Islam Muslim USA Trump CAIR
The Washington headquarters of the Council on American-Islamic Relations had to be evacuated after white powder was sent through the post. Google Streetview

Police in Washington DC are investigating after a suspicious white powder after it was sent via mail to the headquarters of the Council on American-Islamic Relations (CAIR), one of the country's largest Muslim civil rights and advocacy groups. Coming days after Republican candidate Donald Trump's incendiary comments, there are fears the country's Muslims may be targeted by Islamophobes.

CAIR spokesman Ibrahim Hooper told Al Jazeera that some employees had been asked to stay inside after coming into contact with the suspicious material. "We receive a lot of threats on a daily basis," he said. "This is just another kind." Hooper told Time the attacks had grown worse recently. "Clearly in the last few weeks since the Paris attacks, we have kind of gotten more."

Members of the organisation tweeted pictures of hazardous substance teams entering the offices in protective clothing. Later the CAIR tweeted that the white powder had turned out to be harmless, though Hooper said the organisation has received similar mail in the past.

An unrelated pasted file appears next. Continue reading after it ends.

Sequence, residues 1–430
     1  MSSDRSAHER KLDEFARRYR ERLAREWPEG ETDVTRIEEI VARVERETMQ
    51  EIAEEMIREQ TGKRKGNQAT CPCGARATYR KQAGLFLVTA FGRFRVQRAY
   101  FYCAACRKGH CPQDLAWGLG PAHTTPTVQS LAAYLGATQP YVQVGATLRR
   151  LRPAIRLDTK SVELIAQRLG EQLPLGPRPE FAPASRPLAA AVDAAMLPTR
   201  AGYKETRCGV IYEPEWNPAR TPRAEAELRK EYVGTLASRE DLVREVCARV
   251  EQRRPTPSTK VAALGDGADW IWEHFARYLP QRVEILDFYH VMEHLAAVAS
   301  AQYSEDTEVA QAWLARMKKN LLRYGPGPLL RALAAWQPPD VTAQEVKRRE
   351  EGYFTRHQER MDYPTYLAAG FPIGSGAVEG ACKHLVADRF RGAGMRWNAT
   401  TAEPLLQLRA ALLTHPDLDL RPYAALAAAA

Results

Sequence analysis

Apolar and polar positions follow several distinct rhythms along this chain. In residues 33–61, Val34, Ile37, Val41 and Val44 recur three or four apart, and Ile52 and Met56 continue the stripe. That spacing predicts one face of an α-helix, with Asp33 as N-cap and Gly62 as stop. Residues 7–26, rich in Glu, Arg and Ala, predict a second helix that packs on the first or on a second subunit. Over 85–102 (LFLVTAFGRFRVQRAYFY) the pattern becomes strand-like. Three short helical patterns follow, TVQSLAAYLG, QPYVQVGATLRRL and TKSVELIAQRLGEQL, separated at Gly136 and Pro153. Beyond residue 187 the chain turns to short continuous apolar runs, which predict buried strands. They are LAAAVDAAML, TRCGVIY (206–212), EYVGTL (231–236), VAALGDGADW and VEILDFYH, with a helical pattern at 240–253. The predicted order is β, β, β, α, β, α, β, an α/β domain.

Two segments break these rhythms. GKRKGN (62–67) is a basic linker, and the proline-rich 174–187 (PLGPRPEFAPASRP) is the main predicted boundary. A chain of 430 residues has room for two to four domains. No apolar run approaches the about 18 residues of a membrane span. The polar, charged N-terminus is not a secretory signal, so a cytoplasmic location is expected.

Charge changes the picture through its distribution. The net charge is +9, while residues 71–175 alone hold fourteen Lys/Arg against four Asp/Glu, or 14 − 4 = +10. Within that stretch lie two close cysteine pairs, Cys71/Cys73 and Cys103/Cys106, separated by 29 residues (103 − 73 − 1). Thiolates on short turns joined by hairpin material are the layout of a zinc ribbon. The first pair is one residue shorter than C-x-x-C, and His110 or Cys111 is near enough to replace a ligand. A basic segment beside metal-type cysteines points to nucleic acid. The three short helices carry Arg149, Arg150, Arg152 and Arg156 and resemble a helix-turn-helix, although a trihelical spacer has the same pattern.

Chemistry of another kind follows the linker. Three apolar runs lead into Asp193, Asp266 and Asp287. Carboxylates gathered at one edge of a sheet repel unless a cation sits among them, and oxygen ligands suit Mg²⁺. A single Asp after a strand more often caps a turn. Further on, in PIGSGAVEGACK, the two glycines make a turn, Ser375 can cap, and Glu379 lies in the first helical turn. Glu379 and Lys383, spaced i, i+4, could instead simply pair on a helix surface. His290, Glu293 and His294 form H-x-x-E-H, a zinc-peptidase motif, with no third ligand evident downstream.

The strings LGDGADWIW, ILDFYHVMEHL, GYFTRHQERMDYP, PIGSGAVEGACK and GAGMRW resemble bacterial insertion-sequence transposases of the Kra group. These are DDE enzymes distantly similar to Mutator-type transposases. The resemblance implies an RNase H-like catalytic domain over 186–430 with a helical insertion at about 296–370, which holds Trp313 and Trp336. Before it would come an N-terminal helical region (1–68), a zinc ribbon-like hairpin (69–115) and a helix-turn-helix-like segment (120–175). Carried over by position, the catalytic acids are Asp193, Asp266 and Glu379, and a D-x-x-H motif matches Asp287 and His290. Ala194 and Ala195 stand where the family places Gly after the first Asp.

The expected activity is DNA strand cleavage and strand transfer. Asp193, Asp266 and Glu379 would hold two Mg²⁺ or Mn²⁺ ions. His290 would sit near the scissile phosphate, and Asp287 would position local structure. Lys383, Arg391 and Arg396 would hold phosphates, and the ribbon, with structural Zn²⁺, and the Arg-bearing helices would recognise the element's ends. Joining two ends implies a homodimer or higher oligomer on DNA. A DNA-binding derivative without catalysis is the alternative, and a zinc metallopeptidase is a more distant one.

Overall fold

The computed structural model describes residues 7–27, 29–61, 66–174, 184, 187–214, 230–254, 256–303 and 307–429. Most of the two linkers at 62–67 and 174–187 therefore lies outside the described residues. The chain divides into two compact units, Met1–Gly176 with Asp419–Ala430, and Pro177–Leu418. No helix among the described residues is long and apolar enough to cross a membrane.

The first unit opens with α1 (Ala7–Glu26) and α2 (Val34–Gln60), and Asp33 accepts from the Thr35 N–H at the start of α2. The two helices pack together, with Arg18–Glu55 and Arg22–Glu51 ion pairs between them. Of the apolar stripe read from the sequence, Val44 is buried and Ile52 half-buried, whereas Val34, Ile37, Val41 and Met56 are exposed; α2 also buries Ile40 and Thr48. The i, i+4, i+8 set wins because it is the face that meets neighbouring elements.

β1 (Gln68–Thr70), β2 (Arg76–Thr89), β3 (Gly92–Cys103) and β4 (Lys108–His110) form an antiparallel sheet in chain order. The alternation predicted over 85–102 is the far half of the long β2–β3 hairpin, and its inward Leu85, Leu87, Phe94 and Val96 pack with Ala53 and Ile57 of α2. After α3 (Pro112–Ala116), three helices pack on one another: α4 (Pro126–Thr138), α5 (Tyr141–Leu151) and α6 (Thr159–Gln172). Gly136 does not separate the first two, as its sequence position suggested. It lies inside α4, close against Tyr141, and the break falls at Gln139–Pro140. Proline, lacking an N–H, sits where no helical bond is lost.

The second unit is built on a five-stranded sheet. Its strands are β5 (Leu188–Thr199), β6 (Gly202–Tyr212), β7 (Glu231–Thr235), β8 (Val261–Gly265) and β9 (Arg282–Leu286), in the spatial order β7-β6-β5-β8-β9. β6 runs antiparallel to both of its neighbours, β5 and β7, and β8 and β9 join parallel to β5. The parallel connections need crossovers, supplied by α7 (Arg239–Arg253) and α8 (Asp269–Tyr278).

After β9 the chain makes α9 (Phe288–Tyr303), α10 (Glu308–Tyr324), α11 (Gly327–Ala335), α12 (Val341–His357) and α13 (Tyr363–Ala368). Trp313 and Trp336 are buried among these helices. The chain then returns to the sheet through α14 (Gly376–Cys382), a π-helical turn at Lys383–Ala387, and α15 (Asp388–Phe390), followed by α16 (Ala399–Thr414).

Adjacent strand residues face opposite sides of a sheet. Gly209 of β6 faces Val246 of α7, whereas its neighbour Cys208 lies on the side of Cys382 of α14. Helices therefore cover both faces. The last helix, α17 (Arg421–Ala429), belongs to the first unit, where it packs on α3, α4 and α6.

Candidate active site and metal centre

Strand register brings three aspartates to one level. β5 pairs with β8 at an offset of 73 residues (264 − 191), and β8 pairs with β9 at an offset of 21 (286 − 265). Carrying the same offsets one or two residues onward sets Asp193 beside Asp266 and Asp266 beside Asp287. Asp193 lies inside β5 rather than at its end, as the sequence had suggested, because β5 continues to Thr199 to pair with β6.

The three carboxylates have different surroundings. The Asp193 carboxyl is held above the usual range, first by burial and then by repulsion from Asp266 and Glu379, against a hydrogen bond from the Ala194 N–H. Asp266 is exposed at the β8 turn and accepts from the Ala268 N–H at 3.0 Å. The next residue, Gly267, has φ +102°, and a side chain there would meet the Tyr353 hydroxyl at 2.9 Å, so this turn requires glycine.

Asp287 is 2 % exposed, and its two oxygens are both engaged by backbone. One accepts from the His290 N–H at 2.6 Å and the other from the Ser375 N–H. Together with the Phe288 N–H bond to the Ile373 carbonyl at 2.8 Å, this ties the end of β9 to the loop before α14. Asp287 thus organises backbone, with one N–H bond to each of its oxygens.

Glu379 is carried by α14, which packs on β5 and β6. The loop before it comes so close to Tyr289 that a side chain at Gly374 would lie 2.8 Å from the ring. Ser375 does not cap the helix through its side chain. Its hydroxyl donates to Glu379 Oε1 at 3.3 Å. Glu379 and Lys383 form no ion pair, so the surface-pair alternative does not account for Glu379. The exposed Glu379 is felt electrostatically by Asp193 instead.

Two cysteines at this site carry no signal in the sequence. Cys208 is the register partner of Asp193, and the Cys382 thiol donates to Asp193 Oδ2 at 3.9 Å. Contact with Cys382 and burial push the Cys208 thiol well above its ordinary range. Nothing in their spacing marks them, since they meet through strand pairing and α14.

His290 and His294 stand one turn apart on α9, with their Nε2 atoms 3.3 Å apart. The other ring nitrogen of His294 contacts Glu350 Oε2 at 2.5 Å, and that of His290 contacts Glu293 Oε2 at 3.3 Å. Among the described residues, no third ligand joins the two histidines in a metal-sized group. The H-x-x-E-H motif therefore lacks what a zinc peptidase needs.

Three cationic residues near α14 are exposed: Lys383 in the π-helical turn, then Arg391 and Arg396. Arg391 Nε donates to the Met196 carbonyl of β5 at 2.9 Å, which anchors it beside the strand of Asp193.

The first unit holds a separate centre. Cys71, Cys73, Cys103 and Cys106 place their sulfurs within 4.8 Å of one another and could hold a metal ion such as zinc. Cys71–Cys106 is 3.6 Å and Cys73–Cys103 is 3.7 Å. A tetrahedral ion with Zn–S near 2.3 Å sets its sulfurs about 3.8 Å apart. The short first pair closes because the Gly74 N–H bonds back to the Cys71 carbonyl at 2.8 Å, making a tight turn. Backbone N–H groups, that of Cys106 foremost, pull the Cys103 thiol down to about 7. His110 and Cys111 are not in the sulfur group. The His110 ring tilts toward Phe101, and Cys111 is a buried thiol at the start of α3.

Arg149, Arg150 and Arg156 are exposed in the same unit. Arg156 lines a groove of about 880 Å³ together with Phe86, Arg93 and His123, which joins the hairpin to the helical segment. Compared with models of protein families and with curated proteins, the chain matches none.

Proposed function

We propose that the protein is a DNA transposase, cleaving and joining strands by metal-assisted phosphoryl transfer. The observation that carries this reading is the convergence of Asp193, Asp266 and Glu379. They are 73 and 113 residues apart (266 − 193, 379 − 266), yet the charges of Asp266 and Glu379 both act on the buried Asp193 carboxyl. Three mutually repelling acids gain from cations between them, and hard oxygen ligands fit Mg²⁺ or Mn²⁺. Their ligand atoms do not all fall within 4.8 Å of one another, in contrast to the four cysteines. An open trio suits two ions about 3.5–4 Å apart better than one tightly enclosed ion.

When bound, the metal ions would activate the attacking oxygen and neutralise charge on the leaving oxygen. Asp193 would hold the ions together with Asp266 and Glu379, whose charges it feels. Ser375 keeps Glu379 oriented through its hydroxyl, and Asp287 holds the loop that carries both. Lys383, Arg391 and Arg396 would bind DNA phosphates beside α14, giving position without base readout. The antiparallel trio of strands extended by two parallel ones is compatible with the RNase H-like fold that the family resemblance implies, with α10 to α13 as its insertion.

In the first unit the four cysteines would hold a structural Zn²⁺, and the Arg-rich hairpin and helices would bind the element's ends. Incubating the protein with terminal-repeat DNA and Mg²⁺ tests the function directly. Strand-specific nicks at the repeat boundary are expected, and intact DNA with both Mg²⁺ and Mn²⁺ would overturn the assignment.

CAIR documents cases of Islamophobia across the US. In recent days it reported on a Muslim family in Texas whose windows are repeatedly smashed, as well as a sign in Florida which stated a house was a "Muslim free zone."

US Republican presidential candidate Donald Trump reacts while addressing supporters at a campaign rally in Raleigh, North Carolina on 4 December 2015 Reuters

Donald Trump's comments about Islam, including plans to ban Muslims from entering the US and that parts of London have become no-go areas for police, have been widely criticised and rejected as inaccurate. However, in the wake of the San Bernardino and Paris attacks they appear to have struck a chord with some voters.

President Barack Obama joined the voices from across the political spectrum criticising Trump, albeit in a veiled way. In a speech commemorating the 150th anniversary of the passage of the 13th Amendment to the Constitution, he said: "Our freedom is bound up with the freedom of others — regardless of what they look like or where they come from or what their last name is or what faith they practice."